Like many pages here this starts from external source material and then builds.

Another example of the spread of the Process Arts as a perspective across disciplines and reaching even the conservative land of M.I.T.


The Community Problem-Solving Project @ MIT, is a learning space for people and institutions worldwide. The users of their site work in all three sectors--public, nonprofit (or non-governmental), and private--and across them. They work on a wide variety of issues, from housing and health care to education and the environment, from labor and economic development to crime and public safety and "comprehensive" community change. They are managers, organizers, supporters, investors, educators and trainers, evaluators, everyday citizens, and more, working in cities and rural communities around the globe to tackle important social problems and seize opportunities to promote change

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Learning to know, do, be
We call this site a "learning resource" for people and institutions worldwide, and we mean that in the broadest possible way. Here in the U.S., it's back-to-school time this week, from nursery school to advanced graduate school, and so it may be worthwhile to reflect for a minute on (a) what learning is about and for and (b) where and how it happens.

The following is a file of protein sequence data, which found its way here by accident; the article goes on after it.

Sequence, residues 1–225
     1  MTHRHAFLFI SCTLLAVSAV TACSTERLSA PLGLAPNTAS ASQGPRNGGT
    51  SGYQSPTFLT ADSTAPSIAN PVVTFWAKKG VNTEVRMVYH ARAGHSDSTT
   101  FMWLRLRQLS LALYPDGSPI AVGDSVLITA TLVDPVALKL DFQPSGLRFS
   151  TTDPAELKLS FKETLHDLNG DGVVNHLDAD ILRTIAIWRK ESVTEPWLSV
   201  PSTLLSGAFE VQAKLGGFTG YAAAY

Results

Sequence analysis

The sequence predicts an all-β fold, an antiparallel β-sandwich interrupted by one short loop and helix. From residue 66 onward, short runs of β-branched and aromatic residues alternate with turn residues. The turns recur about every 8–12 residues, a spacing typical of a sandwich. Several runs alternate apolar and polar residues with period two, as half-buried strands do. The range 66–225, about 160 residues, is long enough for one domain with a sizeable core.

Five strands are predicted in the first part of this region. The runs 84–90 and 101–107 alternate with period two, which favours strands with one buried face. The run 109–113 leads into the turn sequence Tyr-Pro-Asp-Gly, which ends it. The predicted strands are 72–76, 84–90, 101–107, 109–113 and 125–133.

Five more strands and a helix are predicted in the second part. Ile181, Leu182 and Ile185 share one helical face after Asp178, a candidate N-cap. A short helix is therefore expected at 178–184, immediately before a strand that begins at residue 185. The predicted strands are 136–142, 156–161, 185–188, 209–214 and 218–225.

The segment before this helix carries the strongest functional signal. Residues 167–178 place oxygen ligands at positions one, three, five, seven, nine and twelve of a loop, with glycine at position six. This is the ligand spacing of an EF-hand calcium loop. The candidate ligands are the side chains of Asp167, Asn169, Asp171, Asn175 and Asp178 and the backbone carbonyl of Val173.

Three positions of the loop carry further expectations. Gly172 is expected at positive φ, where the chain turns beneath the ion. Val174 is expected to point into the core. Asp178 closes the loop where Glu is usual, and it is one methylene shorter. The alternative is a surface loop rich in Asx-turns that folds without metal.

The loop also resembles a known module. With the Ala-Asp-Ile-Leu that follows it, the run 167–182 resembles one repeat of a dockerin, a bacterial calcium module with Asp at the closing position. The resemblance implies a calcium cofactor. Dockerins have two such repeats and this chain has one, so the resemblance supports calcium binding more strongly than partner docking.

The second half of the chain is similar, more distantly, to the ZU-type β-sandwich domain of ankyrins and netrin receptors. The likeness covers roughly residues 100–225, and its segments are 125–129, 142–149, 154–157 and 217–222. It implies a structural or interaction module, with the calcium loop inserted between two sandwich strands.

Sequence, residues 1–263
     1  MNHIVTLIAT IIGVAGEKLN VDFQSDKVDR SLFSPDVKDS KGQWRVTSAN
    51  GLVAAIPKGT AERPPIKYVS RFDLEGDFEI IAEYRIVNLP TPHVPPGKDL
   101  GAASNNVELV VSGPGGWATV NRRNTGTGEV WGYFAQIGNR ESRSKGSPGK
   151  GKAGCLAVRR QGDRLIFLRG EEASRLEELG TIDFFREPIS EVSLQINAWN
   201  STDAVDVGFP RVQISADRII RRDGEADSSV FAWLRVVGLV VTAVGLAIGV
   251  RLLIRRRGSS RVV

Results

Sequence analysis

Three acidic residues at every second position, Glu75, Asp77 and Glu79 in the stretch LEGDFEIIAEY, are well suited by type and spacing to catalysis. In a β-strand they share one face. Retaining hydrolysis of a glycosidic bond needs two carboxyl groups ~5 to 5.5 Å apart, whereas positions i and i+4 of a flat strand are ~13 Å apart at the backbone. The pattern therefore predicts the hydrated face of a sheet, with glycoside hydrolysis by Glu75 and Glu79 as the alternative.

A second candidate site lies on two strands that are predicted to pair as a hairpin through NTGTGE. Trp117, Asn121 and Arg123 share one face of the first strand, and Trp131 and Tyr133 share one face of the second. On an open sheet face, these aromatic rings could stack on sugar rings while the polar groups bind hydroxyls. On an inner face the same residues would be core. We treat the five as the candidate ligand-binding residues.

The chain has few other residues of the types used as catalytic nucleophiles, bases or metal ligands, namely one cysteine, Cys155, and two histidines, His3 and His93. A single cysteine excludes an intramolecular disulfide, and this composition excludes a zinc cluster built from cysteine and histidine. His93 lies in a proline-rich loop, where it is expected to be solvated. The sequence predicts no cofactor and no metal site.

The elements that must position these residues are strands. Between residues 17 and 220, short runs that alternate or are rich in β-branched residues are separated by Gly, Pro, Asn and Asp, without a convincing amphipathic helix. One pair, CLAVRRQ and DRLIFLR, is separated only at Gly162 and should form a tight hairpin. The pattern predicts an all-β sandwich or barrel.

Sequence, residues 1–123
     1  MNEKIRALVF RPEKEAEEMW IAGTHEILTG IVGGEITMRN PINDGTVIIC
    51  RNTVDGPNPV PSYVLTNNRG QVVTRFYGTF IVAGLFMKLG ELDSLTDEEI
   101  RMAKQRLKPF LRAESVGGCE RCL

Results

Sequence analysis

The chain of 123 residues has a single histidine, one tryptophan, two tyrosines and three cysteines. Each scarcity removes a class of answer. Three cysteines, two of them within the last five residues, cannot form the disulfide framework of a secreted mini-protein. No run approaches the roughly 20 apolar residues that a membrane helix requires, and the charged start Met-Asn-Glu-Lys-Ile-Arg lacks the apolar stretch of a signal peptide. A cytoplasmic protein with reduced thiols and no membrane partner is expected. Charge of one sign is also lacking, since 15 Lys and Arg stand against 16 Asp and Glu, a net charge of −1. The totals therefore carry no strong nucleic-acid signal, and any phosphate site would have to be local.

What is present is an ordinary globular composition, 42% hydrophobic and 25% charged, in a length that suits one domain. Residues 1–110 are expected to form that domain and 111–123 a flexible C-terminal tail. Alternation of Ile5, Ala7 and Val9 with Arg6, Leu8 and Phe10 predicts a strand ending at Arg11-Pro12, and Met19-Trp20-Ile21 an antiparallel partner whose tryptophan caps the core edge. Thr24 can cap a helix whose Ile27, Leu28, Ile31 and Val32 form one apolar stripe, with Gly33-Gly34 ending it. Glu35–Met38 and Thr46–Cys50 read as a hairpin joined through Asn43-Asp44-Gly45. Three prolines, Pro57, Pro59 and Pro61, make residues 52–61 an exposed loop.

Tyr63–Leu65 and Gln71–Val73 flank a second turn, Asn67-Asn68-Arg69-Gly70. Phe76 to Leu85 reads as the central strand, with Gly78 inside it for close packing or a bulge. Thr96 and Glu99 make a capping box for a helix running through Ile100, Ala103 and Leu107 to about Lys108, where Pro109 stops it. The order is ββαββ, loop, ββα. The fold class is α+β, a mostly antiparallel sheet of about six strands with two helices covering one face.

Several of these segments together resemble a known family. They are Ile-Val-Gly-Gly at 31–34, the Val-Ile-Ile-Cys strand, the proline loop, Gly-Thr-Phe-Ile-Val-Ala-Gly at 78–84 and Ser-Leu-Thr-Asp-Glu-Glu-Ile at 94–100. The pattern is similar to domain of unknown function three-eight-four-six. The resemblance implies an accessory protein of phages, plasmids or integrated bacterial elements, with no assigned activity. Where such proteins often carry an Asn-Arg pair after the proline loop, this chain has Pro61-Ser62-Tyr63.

What learning is for, what it's all about

More and more, we need ways to learn that help us know and do--but also "be" in new and more effectve ways.

It's common to think that learning transmits knowledge, as in "facts" and perhaps opinions and other kinds of ideas. When learning happens, knowledge is gained. But this is just one of its purposes. Learning can also build skills, which implies not only having the background knowledge about something--a bicycle, a social condition, a civic organizing initiative, a special region or community--but having some ability to usefully use that knowledge in the world. In the very, very old days, before formal schooling existed on a large scale, people apprenticed to "master" craftsmen, often their fathers. The master woodcarver, for example, taught the apprentice about wood but also taught specific techniques for working the wood and what tool to use for what purpose.